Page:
And while downplaying speculation that he and the Obama administration would ask Congress for more money to help failed banks, Mr. Geithner didn't dismiss the possibility either.
"The important thing is that we are going to work with the Congress to make sure that we have the resources needed to do this right," he said on ABC's "This Week" program. "The lesson of financial crises is governments tend to do too little. They wait too long to escalate."
Mr. Geithner said about $135 billion in uncommitted resources is left of the $700 billion bailout fund, called the Troubled Asset Relief Program (TARP). He said the estimate was based on "very conservative judgment" about how much more money will be needed to help Wall Street in the coming months.
The Treasury secretary added that money left in the fund provides "substantial resources to move ahead with this broad-based suite of initiatives to help get the financial system back in the business of providing credit."
When pressed on the matter on NBC's "Meet the Press" program, Mr. Geithner again was noncommittal about whether Wall Street would need more government money to avoid future financial crises, saying only that "we're moving forward to use those resources as quickly as we can to get them where they need in the economy."
Mr. Geithner defended spending taxpayer money to help rescue private companies, saying that the problems are too big for the market to solve alone.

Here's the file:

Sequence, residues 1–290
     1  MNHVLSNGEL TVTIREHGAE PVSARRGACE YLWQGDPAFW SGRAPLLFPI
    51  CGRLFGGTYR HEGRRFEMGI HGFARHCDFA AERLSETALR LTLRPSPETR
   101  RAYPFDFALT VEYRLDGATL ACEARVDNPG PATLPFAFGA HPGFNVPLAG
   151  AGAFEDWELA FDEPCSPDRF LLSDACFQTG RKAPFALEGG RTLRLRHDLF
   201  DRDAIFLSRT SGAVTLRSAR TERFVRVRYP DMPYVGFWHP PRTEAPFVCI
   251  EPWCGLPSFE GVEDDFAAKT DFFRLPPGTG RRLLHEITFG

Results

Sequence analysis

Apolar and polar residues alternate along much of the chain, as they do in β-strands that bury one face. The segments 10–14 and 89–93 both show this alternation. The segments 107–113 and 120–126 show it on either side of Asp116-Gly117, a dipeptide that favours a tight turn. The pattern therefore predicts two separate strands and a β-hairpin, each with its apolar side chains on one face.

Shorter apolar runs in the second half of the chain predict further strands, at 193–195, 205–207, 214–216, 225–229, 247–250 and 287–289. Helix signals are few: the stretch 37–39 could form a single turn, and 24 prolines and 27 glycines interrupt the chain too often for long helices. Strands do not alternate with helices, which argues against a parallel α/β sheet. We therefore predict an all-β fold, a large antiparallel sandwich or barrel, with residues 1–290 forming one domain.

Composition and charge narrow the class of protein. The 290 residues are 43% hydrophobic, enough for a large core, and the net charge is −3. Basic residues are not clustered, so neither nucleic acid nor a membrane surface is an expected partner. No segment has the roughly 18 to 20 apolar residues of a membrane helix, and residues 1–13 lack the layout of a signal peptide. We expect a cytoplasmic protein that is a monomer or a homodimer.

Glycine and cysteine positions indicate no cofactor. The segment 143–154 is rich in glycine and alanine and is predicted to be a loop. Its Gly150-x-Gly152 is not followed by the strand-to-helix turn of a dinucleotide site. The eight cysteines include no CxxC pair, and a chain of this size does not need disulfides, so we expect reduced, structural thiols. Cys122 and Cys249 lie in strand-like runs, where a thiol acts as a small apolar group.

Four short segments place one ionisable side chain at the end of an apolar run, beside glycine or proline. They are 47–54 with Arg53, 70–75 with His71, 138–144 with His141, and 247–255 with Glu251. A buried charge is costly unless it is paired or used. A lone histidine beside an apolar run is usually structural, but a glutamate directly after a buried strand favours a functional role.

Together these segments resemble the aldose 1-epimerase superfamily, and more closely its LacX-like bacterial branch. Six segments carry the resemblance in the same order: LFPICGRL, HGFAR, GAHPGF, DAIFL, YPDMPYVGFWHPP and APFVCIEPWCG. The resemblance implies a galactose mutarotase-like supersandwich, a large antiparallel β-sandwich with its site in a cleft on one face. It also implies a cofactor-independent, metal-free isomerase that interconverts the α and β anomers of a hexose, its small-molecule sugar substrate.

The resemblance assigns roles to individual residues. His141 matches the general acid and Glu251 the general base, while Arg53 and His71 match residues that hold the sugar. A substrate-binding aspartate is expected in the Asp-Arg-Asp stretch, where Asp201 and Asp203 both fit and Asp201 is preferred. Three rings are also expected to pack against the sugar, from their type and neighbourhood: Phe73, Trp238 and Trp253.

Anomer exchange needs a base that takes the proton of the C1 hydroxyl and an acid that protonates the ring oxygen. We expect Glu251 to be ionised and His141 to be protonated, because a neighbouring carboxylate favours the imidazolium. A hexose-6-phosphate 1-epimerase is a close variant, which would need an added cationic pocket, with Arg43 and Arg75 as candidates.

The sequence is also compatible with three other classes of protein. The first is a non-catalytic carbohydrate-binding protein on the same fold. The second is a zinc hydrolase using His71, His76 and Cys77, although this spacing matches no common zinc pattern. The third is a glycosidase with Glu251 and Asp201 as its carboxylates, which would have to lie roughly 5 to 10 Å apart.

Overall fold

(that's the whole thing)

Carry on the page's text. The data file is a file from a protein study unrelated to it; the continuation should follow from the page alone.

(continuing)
"If you compare this to the classic alternative, which is again, the government sits back, hopes the market solves this, which would be much more damaging to the economy, or the government takes on all the risk, buys all the assets itself ... this proposal is a much better approach to solving this problem," he said on "Meet the Press."
But the secretary added that Wall Street must retool its business model if it expects more government aid, saying that "we're going to make sure that capital comes with conditions."
"This particular proposal is not going to solve all our problems, but it is a critical part of the solution and we think it's the best approach to protect the taxpayer and make sure that the market is working with us," he said.
Mr. Geithner added that, for the economy to rebound, banks must willing "to take risks again," particularly by making affordable loans available to individuals and small businesses.
"The great danger for us now is [banks] are going to take too little risk, they're not going to take a chance on a viable business or a family that wants to put their kids through college," he said. "So we need to get them working with us in this context."